Why, ma'am, I don't know who you are, and what your position is, or anything about you." "I am the widow of the late vicar, Lord Stapledean; and when he died " "I was fool enough to give the living to his son. I remember all about it. He was an imprudent man, and lived beyond his means, and there was nothing left for any of you wasn't that it?" "Yes, my lord," said Mrs.
"Oh, yes, Lord Stapledean is at home, safe enough. He's never very far away from it to the best of my belief." "It's only a mile or so, is it?" said Mrs. Wilkinson. "Seven long miles, ma'am," said the landlady. "Seven miles! dear, dear. I declare I never was so tired in my life. You can put the box somewhere behind in the post-chaise, can't you?" "Yes, ma'am; we can do that.
Lord Stapledean had said nothing of entertaining him at the Lodge had only begged him, if it were not too much trouble, to do him the honour of calling on him.
Wilkinson, always excepting what care she may have had for her son's ill health, had not been unhappy during his absence. She had reigned the female vicaress, without a drawback, praying daily, and in her heart almost hourly, for the continuance in the land of such excellent noblemen as Lord Stapledean.
And Arthur also blushed, not thinking then of Adela Gauntlet, but of that pledge which he had given to Lord Stapledean a pledge of which he had repented every day since he had given it.
"The woman's mad," said Lord Stapledean, looking again to the carpet, but speaking quite out loud. "Stark mad. I think you'd better go home, ma'am; a great deal better." "My lord, if you'd only give yourself the trouble to understand me " "I don't understand a word you say. I have nothing to do with the income, or the house, or with you, or with your son." "Oh, yes, my lord, indeed you have."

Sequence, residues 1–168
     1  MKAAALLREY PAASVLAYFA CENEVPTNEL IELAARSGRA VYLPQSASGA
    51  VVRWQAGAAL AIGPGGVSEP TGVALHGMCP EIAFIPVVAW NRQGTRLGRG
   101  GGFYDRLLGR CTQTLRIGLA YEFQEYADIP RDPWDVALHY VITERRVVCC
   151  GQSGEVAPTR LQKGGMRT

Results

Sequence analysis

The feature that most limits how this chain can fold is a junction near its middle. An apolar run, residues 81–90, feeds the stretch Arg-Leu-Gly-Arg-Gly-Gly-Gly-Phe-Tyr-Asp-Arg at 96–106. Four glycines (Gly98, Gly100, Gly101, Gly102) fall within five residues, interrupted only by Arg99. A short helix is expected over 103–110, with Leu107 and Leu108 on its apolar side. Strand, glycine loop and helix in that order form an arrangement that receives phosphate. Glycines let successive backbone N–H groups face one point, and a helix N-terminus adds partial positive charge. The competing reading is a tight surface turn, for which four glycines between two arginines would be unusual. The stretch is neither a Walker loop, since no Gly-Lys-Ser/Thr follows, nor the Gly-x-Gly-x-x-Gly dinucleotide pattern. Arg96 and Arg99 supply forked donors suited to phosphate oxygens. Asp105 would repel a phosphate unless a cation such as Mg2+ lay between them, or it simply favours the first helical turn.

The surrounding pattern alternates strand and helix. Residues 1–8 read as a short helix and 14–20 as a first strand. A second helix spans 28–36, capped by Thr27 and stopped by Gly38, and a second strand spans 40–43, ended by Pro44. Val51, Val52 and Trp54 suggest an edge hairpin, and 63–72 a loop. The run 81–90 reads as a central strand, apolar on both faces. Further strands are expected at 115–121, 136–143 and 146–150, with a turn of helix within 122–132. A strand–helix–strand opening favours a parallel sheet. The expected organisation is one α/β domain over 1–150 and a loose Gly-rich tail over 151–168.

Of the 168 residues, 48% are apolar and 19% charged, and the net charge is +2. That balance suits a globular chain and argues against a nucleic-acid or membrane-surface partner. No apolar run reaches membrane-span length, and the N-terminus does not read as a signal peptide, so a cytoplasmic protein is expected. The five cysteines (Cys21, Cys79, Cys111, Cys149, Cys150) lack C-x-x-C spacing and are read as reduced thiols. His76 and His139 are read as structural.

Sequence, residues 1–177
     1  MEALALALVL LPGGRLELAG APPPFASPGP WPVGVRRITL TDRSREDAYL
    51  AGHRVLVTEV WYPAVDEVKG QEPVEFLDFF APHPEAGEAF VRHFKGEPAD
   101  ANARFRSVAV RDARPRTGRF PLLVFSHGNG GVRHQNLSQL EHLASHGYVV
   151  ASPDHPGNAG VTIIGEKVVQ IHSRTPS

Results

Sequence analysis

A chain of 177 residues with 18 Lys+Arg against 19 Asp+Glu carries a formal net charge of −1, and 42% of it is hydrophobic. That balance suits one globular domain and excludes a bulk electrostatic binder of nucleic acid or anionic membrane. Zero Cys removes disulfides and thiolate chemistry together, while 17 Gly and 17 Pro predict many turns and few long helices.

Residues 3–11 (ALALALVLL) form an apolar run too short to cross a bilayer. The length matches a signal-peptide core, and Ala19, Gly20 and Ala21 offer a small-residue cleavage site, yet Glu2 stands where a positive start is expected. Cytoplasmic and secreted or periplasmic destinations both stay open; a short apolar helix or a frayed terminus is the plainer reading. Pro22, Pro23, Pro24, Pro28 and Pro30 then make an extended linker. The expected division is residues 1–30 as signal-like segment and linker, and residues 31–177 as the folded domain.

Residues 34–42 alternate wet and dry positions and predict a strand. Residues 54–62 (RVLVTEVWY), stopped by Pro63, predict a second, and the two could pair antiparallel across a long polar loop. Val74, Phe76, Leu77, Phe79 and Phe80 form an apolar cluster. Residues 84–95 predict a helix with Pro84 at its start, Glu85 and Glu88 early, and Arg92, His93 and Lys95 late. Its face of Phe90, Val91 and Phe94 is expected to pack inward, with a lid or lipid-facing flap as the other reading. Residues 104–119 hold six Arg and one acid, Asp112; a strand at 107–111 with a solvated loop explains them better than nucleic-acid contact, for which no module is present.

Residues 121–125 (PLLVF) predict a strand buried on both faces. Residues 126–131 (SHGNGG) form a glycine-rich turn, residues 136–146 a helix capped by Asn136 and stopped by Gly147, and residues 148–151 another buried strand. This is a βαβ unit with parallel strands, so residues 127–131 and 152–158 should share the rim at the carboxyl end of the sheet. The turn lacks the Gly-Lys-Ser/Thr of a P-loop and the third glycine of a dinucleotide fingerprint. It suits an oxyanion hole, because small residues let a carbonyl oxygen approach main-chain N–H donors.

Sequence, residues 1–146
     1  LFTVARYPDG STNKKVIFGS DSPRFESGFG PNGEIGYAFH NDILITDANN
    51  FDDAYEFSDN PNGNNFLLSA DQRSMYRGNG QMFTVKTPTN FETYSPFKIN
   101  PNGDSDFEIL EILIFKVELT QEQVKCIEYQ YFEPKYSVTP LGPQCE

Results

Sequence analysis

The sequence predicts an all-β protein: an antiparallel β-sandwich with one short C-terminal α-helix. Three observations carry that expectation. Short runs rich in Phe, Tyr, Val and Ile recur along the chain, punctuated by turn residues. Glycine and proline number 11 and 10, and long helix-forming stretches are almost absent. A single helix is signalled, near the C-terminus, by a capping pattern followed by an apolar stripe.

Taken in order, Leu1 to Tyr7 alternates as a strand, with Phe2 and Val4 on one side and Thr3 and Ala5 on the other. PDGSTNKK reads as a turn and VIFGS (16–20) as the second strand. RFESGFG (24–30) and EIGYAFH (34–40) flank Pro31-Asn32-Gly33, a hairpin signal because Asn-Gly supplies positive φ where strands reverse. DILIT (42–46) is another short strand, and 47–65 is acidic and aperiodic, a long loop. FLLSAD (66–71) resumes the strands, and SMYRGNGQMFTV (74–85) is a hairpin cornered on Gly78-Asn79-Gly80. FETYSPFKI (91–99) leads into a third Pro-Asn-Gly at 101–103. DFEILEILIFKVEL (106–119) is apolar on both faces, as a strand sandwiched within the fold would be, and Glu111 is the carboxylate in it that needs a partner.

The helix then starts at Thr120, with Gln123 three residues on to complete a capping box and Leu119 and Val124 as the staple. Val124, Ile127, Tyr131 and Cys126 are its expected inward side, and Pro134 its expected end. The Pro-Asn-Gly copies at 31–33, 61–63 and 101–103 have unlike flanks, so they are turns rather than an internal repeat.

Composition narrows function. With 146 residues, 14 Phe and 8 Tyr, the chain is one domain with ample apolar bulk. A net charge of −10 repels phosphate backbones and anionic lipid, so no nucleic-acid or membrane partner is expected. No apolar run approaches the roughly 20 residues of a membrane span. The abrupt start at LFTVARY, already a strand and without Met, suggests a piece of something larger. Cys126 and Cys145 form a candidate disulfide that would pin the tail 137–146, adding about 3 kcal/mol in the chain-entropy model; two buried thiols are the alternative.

She had threatened, indeed, to appeal to Lord Stapledean; but that very threat showed how conscious she was that she had no power of her own to hold her place where she was. He ought to have been satisfied; but he was not so. And now he had to wait for his answer from Adela.
In one sense he has a living; for, situated as things at present are, of course I cannot hold it in my own hands. But in real truth he has not a living not of his own. Lord Stapledean, whom I shall always regard as the very first nobleman in the land, and a credit to the whole peerage, expressly gave the living to me." "To you, aunt?" "Yes, expressly to me.
"He got his, you know, from the bishop. But do you dislike being Lord Stapledean's nominee?" "It would be ungrateful to say that; but I certainly do not like Lord Stapledean. However, I have taken his living, and should not complain." "I did not know that there was anything disagreeable." "There is this, Adela.
Lord Stapledean turned suddenly at the bell-rope, and gave it a tremendous pull then another and then a third, harder than the others. Down came the rope about his ears, and the peal was heard ringing through the house. "Thompson," he said to the man, as he entered, "show that lady the door." "Yes, my lord." "Show her the door immediately." "Yes, my lord," said Thompson, standing irresolute.